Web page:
|San José State University|
& Tornado Alley
The Larmor Formula for the Generation|
of Radiation by Accelerated Charges
and the Quantization of Space and Time
Joseph Larmor discovered a formula for the generation of electromagnetic radiation by an accelerated charge. That formula is
where E is the rate of generation of radiant energy by a charge of q accelerated at a rate of α. The symbol c stands for the speed of light.
Acceleration is the rate of change of velocity and velocity is a vector having direction as well as magnitude. Thus a charged particle traveling in a circular orbit is experiencing centripetal acceleration and thus should, according to Larmor's analysis, be radiating away energy as electromagnetic waves.
The only problem is that this apparently does not occur. On the other hand the Larmor analysis does explain the generation of thermal radiation from matter as a result of the thermal collisions taking place.
If the charge is divided up into m equal pieces each piece would be radiating at rate of (2/3)α²(q/m)²/c³ and the m pieces altogether would be radiating at a rate of
As m increases without bound the value of E goes to zero. Only if the value of α were effectively infinite there would be the possibility of a finite, nonzero value for E.
The implication that the spatial distribution of charge reduces the generation of radiation by accelerated charges to zero unless the acceleration is "infinite" is a welcom one. This eliminates the generation of radiation from particles in atoms experiencing centripetal acceleration but allows it for thermal collisons. However the argument that the distribution of charge reduces the generation of radiation to zero depends intrinsically upon the continuity (infinite divisibility) of space. If space is quantized then the generation of radiation may be reduced to some very small but nonzero value. This means that the accelerations that produce effects do not have to be infinite, just very large, as in the thermal collisions in matter. So all is right with the world and the mathematics of it.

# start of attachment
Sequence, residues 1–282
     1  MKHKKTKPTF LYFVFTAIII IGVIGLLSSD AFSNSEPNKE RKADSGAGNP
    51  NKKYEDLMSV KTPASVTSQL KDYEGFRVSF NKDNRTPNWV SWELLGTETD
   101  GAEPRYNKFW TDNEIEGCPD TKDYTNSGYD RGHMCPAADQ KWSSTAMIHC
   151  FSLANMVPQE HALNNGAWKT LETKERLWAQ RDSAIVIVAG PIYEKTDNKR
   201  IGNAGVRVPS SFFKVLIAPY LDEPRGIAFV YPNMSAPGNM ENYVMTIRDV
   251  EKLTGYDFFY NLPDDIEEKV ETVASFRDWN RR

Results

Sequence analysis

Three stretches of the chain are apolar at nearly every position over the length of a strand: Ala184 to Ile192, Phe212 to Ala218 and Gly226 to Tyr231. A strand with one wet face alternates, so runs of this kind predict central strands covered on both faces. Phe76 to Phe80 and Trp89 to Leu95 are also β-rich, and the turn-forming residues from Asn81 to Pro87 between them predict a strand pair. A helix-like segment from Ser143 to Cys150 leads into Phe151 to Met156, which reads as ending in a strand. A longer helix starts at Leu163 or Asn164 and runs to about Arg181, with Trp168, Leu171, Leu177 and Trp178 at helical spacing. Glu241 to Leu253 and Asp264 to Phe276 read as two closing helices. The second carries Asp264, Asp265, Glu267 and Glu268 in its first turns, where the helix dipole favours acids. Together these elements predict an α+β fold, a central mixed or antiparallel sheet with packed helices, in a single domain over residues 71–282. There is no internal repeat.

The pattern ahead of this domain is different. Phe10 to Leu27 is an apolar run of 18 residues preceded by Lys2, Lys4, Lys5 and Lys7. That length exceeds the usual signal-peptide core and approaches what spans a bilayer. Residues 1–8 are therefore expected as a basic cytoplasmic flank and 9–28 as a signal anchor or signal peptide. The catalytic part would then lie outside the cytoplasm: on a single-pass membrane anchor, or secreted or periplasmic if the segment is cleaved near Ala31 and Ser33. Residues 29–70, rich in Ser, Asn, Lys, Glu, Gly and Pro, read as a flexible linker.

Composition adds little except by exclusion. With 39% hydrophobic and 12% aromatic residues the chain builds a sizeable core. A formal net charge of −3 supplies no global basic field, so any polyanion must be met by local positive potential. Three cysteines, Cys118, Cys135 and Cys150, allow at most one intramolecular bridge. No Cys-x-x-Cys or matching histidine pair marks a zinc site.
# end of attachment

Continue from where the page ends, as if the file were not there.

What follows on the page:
Let ε and δ be the quanta of length and time, respectively. It is presumed that ε is equal to cδ, where c is the speed of light.
Letε³ be the volume of a quantum unit of space; . If a charge q is distributed over a volume V then the number m of equal pieces the charge can be divided into is
But charge is quantized so any charge q is made up of say μ elementary volume units each having a charge of γ. The value of γ is found by determining the volume V occupied by a known charge Q, say that of a proton. Then μ is equal to V/ε³ and γ is Q divided by μ.
The rate of generation of radiation is then
The Planck length is 1.6162×10-35 meters and this may well be the minimum spatial length. Initially, in lieu of any other estimate of the quantum length of space the Planck length will be used. This would make the quantum of volume equal to 4.22168×10-105 m³.
The charge radius of proton is approximately 0.84 fm = 0.84×10-15 m. This makes its volume 2.48×10-45 m³. Hence the number of pieces the charge can be divided into is about 5.88×1059. Thus μ is equal to 5.88×1059.
The charge of a proton is 1.602×10-19 Coulombs. This makes the charge per elementary volume unit 2.72×10-78 Coulombs. This quantity squared is 7.41×10-156. and even 5.88×1059 units of this is equal to only 4.36×10-97. The coefficient of α² in the Larmor formula is this quantity divided by c³. The coefficient of α² is thus equal to 1.61×10-122. Thus α must be very large for there to be any significant effect.
Planck time is the time required for light to traverse a distance of one Planck length. This is suggested as the quantum of time. Its value is 5.4×10-44 seconds.